Friday, January 05, 2007

Court ruling against German Homeschoolers Part 1

I have received an English translation of the recent court judgement in the case of my friends, the Neubronners in Bremen. The judgement îs very long, so I'm breaking it up into smaller posts. Don't get too excited when you read the first parts, because it's just a summary of my friends' case.


In respect of the Administrative Court case
(Neubronner, plaintiffs) vs City of Bremen (defendant)
[+ names of legal representatives etc.]
the 7th Chamber of the Administrative Court of the Free City of Bremen, represented by
[names of judges] has decreed that
the plaintiffs’ case shall be rejected.
Costs shall be borne by the plaintiffs. Appeal against this judgement is permitted.
Facts of the case
The plaintiffs require the defendant to release their children from the obligation to attend
school (‘Schulpflicht’). They wish to educate (‘unterrichten’, literally ‘teach’) their children at
home according to an alternative learning concept (so-called ‘homeschooling’).
The plaintiffs are the parents / have the rights/duties to bring up (‘Erziehungsberechtigte’)
their two sons Moritz and Thomas, nine and seven years old. In June 2005 the family returned
to Bremen from the Allgäu [South Germany], where the plaintiffs had been founder members
of a group involved in starting up a free Montessori school. There, Moritz was registered at the primary school in Borchshöhe as a child required to attend school (‘schulpflichtig’). He had predominantly learned at home until that time. At the beginning of the school year 2005/2006 Thomas was enrolled at the same school, having become of an age requiring him to attend school as well. Both children attended school regularly at first, but stopped doing so after about ten days because they – the children – had expressed the wish to be taught at home. According to the plaintiffs the children developed psycho-somatic symptoms during their attendance at school, including belly and headaches, nightmares and heart complaints.

On account of this their paediatrician declared them to be ill. At this point the plaintiffs decided to permit their sons to take part in so-called ‘homeschooling’. Attempts to reach an understanding with, amongst others, the education authorities were unsuccessful, because the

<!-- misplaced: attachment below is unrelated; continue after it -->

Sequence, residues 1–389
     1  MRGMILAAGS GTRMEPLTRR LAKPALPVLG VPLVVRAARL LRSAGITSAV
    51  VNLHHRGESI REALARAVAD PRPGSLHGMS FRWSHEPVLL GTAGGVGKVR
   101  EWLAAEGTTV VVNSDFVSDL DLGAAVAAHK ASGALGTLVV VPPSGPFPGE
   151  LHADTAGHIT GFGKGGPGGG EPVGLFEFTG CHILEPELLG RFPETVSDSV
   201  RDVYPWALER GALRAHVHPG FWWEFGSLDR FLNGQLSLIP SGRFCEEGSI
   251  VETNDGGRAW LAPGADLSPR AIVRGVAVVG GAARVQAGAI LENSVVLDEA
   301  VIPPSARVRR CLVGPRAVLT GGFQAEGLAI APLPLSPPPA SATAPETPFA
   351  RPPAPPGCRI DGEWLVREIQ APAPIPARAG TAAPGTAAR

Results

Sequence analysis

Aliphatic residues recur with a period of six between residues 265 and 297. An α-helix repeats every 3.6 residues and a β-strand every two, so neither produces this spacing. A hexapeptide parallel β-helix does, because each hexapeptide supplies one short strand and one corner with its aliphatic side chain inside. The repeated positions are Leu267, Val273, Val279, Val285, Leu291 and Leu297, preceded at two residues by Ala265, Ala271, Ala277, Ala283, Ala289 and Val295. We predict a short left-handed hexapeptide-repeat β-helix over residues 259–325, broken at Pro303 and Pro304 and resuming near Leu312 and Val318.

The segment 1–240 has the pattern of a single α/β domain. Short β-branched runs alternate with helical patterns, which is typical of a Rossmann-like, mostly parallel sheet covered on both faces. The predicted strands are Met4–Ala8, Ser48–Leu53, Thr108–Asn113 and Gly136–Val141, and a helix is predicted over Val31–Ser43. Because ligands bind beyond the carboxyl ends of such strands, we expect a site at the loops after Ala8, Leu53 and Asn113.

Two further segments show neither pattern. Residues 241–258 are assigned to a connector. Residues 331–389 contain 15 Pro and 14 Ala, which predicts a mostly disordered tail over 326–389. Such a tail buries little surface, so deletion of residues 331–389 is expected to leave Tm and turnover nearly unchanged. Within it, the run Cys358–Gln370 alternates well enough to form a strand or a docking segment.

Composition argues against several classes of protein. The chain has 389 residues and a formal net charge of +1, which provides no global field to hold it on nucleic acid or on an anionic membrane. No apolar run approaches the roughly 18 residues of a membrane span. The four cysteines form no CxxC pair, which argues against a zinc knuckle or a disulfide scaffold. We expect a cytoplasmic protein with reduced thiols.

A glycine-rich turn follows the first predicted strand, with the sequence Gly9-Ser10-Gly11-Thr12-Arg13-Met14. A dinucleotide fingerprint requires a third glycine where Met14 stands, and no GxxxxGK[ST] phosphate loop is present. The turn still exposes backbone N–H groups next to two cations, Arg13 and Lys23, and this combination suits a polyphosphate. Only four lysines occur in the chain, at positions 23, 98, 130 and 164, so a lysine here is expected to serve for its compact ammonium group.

authorities insisted that the aim of synchronisation of the learning at home with the school
curriculum should be to make it possible for the children gradually to take part in normal school. At the end of October / beginning of November 2005 the plaintiffs removed their children from the school, giving as reason “a move to Ireland”, and registered them at the Clonlara School in Jewett/Ireland for the school year 2005/2006. This school is an international private (correspondence) school with a special programme for pupils who are educated at home according to the requirements of the regional school authorities. The plaintiffs planned at first to spend several periods in Ireland as a family, although not to move there permanently. However, the school authorities made this a requirement in order to free the children from the obligation to attend school. This was not possible in view of, amongst other things, the economic situation of the plaintiffs. Thus they registered their sons at the Schönebeck primary school in Bremen on 08.12.2005. Since then the children have practically not gone to the school at all.

The plaintiffs have applied (? on 18.01.2006 – sentence incomplete) to the school inspectorate
to have their children released from the obligation to attend school according to paragraph 57,
section 2 of the Bremen School Statute. This application is founded upon a moral conflict as
perceived by the parents. They have an open attitude towards school, as is borne out by their
involvement in founding a Montessori school. They in no way prevent their children from attending school and have tried by means of attending classes themselves as well as talks with
the children and teachers to engender a situation in which it would be possible for the children
to decide for themselves to attend school. Attendance at school produces, according to the
parents, a state in which the children feel under negative pressure and to which they react with
psycho-somatic symptoms. Their children feel troubled by other pupils and their behaviour;
they wish to be able to learn in a self-determining manner without this scholastic environment. As parents, they cannot exercise psychological or physical pressure on their children, particularly in view of the fact that the law allows for exceptions to the obligation to attend school. Children are not to be seen as passive objects to be educated. Rather, children and their parents have the right to choose their education as they see fit. Their sons can learn better and more effectively at home than in state or recognised private schools. This is borne out by examples from other countries where homeschooling is accepted.

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